In other words, according to the estimated model, once the economy is a situation of growth or crisis, the probability of staying in it is high. Thus, if the economy is increasing, the probability of switching to a situation of crisis is only 11.0%, while, to stay in it, the probability is 88.0%. The same occurs when the economy is a situation of crisis: once in it, the probability of change to a situation of economic growth is only 7.0%, while the probability of stay in the same situation is 93.0%.

In line with the estimated probabilities, the economic performances, growth and crisis, can be classified over time, as Table 2 shows.

Table 2. Classification of estimated economic performances.

Source: Author’s own elaboration from OxMetrics 7.2.

Note: Probabilities are between parentheses.

Regime 2 is more persistent, totaling 72 quarter of the analyzed period with an average duration of approximately 17 quarter. Regime 1 is less persistent, totaling 34 quarter of the analyzed period and having an average duration of 8.5 quarter.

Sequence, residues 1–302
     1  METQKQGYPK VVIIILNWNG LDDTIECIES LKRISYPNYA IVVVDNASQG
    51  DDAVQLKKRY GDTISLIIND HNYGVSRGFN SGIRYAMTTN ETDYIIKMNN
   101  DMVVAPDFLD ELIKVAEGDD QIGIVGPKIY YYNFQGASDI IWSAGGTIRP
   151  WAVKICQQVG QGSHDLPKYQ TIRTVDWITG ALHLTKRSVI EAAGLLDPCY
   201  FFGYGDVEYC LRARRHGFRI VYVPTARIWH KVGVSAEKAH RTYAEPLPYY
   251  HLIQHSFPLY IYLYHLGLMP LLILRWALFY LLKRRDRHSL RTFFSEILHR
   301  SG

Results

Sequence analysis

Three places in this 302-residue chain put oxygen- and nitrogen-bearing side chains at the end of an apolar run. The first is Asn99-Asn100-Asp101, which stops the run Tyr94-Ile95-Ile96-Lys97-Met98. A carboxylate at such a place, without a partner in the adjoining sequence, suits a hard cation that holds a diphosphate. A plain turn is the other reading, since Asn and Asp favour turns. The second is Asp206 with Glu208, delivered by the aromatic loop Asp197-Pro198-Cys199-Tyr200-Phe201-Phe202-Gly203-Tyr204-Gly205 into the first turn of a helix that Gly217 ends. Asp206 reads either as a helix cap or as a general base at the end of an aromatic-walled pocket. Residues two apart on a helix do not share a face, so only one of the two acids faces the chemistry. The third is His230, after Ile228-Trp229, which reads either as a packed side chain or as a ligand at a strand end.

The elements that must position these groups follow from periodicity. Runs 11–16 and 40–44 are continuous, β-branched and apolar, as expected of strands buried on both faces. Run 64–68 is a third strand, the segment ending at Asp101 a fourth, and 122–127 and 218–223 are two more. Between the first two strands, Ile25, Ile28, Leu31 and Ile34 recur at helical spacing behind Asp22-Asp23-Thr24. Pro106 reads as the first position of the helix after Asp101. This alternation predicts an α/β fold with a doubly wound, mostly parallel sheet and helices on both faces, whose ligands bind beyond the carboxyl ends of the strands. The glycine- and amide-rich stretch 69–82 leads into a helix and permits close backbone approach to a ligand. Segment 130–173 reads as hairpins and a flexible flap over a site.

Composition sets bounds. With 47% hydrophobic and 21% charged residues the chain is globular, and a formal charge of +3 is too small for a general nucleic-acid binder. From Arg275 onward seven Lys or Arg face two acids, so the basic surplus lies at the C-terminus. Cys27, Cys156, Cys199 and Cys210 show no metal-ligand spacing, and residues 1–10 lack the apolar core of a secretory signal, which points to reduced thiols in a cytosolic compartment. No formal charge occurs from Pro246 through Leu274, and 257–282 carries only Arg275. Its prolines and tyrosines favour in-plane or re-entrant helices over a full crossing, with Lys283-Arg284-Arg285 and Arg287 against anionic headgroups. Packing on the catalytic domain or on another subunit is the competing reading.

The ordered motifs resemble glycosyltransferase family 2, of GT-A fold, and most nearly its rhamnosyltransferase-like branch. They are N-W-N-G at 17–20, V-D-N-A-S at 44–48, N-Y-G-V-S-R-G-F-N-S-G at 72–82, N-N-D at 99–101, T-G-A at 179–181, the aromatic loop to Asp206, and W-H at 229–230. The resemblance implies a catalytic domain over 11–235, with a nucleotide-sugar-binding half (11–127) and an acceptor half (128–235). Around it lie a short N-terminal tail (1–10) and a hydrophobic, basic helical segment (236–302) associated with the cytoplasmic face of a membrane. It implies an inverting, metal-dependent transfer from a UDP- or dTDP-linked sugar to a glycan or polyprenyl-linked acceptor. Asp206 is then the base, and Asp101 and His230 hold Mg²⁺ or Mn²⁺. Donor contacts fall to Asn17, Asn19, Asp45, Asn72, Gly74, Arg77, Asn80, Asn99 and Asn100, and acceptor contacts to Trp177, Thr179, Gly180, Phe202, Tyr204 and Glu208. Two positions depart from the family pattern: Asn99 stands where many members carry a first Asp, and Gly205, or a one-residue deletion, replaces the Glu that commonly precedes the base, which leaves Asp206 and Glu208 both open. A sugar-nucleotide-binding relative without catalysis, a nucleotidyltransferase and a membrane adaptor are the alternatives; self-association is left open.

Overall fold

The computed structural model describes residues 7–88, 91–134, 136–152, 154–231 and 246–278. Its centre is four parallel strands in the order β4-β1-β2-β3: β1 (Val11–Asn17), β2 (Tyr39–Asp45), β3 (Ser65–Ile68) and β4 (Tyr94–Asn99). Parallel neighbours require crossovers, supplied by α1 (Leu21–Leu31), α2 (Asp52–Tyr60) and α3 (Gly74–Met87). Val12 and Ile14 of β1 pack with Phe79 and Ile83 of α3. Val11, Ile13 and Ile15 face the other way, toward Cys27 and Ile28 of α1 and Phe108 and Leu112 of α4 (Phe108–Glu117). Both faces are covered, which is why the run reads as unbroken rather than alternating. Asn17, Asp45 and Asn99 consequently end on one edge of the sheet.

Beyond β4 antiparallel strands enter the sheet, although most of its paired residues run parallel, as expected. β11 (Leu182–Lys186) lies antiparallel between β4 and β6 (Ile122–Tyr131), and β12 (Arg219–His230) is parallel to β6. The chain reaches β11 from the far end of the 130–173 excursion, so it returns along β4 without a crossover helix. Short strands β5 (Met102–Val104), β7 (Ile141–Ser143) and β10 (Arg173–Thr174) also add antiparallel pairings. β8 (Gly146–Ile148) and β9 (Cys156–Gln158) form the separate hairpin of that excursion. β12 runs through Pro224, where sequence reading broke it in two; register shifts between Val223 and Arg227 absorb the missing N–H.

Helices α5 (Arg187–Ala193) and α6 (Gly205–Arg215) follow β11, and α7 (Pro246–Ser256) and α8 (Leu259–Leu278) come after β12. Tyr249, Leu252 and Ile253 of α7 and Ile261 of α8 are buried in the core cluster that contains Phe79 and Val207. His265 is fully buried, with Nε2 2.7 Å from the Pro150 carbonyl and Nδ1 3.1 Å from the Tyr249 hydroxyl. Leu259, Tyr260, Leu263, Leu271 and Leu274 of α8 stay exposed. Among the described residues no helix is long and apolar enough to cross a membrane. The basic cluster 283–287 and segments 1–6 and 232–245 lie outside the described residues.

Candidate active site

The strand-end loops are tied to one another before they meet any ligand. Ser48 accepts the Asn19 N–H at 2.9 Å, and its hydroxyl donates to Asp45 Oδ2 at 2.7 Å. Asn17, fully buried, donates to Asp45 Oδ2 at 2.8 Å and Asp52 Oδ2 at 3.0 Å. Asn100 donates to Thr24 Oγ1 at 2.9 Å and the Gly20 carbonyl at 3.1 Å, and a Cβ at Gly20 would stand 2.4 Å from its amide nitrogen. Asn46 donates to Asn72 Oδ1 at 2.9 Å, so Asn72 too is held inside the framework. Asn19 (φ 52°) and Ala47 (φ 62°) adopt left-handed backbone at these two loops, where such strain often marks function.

In order to further analyze the relationships between endogenous variables within the MS-VAR model, impulse-response functions are usually constructed. Figure 2 summarizes the results of the model in Regime 1 and Figure 3 summarizes the results for Regime 2.

Figure 2 and Figure 3 bring interesting results. The first column of Figure 2 summarizes the effects of the following variables on GDP: interest rates, government expenditures and prices. Specifically, the second and third graphs from top to bottom synthesize, respectively, the effects of monetary and fiscal policy on GDP.

Regarding the effects of monetary policy, represented by changes in the interest rate, it is worth noting that, initially, the responses of the variables refer to a positive impact in the interest rate. Therefore, an increase in the interest rate in regime 1, that is, in the economy’s growth situation (first column, second graph), implies a reduction in GDP that begins to dissipate from the sixth quarter onwards. In regime 2, a situation of economic crisis, an increase in the interest rate has a higher negative effect on GDP than in regime 1, as well as its effect does not dissipate quickly as occurred in regime 1.